Look out for thoughts that include words like “should” or “must”, because it can be an indication of an unhelpful expectation. The belief that “I should be having good vibes only” is setting an expectation that is extreme and unhelpful. Moving away from extreme positions to a place of balance improves our mental health and overall wellbeing. 

Finally, validating ourselves when our brains give us toxic messages is as important as validating one another in relationships. Think about someone in your life who is compassionate and caring for others, and try to imagine how they would respond to painful situations. Then, try to give that same message to yourself and others. Look for understanding about how even painful feelings make sense based on our experiences, and acknowledge that things can be difficult and okay at the same time. 

Graham Reynolds, PhD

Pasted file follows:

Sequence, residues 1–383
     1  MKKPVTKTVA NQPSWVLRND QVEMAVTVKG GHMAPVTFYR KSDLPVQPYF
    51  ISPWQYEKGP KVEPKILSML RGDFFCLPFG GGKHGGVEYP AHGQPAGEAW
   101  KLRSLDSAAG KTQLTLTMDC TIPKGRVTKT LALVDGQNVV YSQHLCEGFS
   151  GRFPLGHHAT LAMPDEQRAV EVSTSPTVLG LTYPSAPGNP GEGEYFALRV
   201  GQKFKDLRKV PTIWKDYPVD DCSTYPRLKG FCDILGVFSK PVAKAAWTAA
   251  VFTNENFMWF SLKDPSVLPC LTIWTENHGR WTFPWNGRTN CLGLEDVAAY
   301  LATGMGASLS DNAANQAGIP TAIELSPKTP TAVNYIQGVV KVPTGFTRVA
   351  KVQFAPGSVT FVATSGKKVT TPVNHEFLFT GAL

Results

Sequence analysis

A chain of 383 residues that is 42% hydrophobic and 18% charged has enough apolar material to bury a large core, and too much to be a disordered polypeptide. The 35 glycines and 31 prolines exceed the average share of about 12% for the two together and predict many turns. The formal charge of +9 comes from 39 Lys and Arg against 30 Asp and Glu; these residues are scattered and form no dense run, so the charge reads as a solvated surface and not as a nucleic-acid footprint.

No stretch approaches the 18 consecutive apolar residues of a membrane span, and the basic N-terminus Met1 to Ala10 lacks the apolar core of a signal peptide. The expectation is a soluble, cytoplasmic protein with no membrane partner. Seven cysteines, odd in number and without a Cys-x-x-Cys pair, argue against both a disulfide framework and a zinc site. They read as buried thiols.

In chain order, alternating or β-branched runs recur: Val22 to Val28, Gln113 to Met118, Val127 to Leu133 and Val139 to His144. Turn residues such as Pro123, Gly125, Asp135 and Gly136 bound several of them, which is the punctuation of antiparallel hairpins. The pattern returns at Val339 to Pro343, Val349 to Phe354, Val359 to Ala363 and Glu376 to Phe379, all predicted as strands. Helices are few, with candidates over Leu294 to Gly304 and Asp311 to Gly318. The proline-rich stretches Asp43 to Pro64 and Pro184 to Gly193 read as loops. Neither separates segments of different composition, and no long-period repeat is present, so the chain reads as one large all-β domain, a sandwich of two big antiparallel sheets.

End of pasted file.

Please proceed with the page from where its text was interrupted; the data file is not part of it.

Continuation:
Graham Reynolds PhD

Graham Reynolds, PhD., is a New York State licensed psychologist at the American Institute for Cognitive Therapy. Dr. Reynolds is currently an Adjunct Professor and Visiting Scholar at Columbia University Teacher’s College, where he instructs and supervises doctoral students in clinical psychology. He specializes in cognitive behavioral therapy (CBT), and mindfulness-based therapies. He has been intensively trained in Dialectical Behavior Therapy (DBT) and he provides both individual and group DBT sessions. Dr. Reynolds works with adults and adolescents who have anxiety, OCD, depression, and bipolar disorder. 

Dr. Reynolds received his PhD. in Clinical Psychology from Hofstra University and completed his doctoral internship at the Hudson Valley VA Medical Center. There, he worked with veterans in residential PTSD and substance use treatment programs. He was certified in Cognitive Processing Therapy for PTSD and was a member of the DBT team. Dr. Reynolds has also trained at the Northwell Healthcare System in the OCD and Bipolar Disorder specialty clinics, at the Northport VA Medical Center dual diagnosis clinic, and on inpatient psychiatry units at St. John’s Episcopal Hospital and Jamaica Hospital in Queens, New York. Dr. Reynolds is a past adjunct professor at State University of New York College at Old Westbury and has published and presented at national and international conference on anxiety, psychosis, and aggression.